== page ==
What Are Term Deposits? 


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Term deposits (“Term Deposits”) are fixed-term investments whereby money is deposited into an account at financial institutions like banks, Non-Banking Financial Companies (“NBFCs”), credit unions, and post offices.  The maturity for term deposit investments is between one month to a few years and are hence usually short-term, with required minimum deposits that depend on the terms and conditions offered by the financial institutions with which you are opening a term deposit account. Term Deposits are generally recommended to risk-averse investors.

Fixed deposit accounts are a popular sub-category of term deposits. 

How does a Term Deposit work:

When a customer, as a depositor, makes a Term Deposit in a particular financial institution, the financial institution may use the funds deposited to finance loans to other customers or business by using such Term Deposits. The depositor is then paid interest on the principal amount of their Term Deposit. Traditional liquid savings accounts offer a lower rate of interest than term deposits because with savings accounts it is difficult for the banks to correctly estimate the funds ready at their disposal for financing loans.

Types of Term Deposits:

Recurring Deposits:

In a Recurring Deposit (“Recurring Deposit”), a fixed sum of money is invested at a specific interval, which may be once a month or once a quarter, or once a year. This investment gradually earns interest on the principal amount until the tenor of the Recurring Deposit is complete. Upon attaining maturity, the investment is then available to be withdrawn by the customer, along with the interest accrued therein. Once the tenor of the recurring deposit is fixed, it cannot be changed. The interest rates on Recurring Deposits depend on the tenure and also vary from financial institution to financial institution.

Fixed Deposits: Fixed deposits accounts (“Fixed Deposits”) are deposits where a lump sum amount of money is invested for a fixed period of time. The time period for Fixed Deposits accounts is variable and may range from 7 days to ten years.  The FD interest rates depend on the period for which the funds are locked in. Similar to the Recurring Deposit, the amount invested in a Fixed Deposit when withdrawn prior to the completion of the Deposit tenor, the same will be subject to a penalty on the interest accrued on the principal amount.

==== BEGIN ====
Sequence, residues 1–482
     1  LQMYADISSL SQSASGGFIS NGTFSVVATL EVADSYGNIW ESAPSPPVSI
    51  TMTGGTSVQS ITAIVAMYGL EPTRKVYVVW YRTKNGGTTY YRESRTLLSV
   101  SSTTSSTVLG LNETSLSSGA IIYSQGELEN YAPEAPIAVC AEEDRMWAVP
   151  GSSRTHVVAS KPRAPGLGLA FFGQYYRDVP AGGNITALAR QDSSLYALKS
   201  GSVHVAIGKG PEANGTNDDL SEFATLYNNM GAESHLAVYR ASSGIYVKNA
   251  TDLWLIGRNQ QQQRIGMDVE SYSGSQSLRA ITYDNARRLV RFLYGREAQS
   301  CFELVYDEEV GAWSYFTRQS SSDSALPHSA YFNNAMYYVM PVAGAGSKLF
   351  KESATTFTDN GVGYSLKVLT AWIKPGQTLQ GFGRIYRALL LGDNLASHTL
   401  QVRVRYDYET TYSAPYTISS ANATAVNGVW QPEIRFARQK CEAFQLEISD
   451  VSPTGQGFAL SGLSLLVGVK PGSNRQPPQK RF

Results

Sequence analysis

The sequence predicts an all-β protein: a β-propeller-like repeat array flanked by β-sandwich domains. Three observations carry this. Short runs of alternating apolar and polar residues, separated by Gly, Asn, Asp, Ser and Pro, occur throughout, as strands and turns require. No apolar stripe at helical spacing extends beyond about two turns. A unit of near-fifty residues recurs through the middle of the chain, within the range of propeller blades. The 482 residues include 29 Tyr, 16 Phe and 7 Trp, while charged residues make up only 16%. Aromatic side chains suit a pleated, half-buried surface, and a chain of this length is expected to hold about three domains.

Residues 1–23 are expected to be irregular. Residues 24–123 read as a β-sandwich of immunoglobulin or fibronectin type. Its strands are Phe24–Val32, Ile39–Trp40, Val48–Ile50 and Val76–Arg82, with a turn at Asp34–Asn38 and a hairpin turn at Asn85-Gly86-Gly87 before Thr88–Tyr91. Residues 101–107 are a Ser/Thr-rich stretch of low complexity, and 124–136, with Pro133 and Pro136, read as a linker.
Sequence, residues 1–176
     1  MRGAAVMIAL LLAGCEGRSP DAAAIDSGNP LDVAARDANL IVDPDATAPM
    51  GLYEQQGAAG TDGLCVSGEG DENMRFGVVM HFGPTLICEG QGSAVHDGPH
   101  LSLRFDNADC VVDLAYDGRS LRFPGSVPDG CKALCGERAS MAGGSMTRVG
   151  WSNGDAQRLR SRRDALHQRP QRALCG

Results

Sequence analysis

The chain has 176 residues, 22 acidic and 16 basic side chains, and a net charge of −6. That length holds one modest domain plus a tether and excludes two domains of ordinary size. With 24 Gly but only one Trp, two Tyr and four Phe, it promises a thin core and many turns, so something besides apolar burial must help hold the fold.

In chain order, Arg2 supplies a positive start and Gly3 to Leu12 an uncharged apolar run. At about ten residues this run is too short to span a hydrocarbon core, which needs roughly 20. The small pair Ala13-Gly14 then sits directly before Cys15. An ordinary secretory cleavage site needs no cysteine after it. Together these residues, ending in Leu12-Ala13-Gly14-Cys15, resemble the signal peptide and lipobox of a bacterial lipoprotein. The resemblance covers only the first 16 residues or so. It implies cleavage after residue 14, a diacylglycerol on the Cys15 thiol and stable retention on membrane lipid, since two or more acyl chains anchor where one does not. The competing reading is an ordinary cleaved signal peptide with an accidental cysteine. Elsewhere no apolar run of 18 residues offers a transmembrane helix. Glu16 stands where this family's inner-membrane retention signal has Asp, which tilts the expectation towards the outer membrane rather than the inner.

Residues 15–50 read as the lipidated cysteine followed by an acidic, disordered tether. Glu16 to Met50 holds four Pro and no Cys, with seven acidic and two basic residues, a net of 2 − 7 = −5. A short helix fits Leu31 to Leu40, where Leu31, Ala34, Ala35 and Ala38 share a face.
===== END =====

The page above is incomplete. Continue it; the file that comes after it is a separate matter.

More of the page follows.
The Salient Features of Term Deposits are: –

Stability: Fixed Deposits accounts a sub-category of Term Deposit have a fixed rate of interest and tenure, and are not subject to market fluctuations which makes them essentially risk-free compared to other market investments. This means that investors can continue to reap the benefits of a stable interest on their Fixed Deposit, even during a crisis in the market. 

Interest Rates: Most Term Deposits have a higher rate of interest and can go as high as 10% per annum, as against traditional liquid savings accounts, however, in the case of savings account customers can withdraw their money at any time.

Rollover: Financial institutes encourage customers to reinvest their principal amount and interest accrued into a new Term Deposit. This facility is commonly known as “Rollover”, which means the reinvestment of maturity proceeds into a new term deposit, thereby not requiring the customer to withdraw their Term Deposit upon maturity.

Loan Sanction: Financial institutes that offer secured loans may issue such loans against fd. In this case, the customer can pledge their Term Deposit as security and have a loan sanctioned to them. The amount on the Loan may be as high as 90%-95% of the deposit amount, depending on the financial institution.

Insurance on Deposit: As per an RBI Press Release any deposit in a certified bank is eligible for an insurance cover of up to Rs. 5 Lakhs under the Deposit Insurance and Credit Guarantee Corporation, which has been effective from the 4th of February, 2020. The Deposit Insurance and Credit Guarantee Corporation is a wholly-owned subsidiary of the Reserve Bank of India, that previously provided an insurance cover of up to Rs. 1 Lakh against deposits in a certified bank.

Low Investment Limit: the lower limit of the term deposit may be as low as Rs. 1000, however, this may vary depending on the financial institution, while no upper limit is set on the principal amount deposited in a Term Deposit.

Taxation on Interest: As per the Income Tax Act, 1961, the interest earned on a Term Deposit is taxable income and can be subject to Tax Deducted at the Source (TDS). Further, if the Term Deposit account is a tax-saving fixed deposit account, then such an account can be subject to a tax deduction under Section 80C of the Income Tax Act,1961. Here, the customer can claim a deduction of upto Rs. 1.5 Lakh per annum by investing in a tax-saving fixed deposit account.

Penalty on premature withdrawal: Term Deposits are subject to a fixed tenor, wherein the principal amount is considered locked in. If the depositor withdraws the deposit before the tenor is complete, they shall be liable to forfeit the interest accrued on the principal amount. The extent of forfeiture of interest depends on the time period from the initial deposit to the date of withdrawal.

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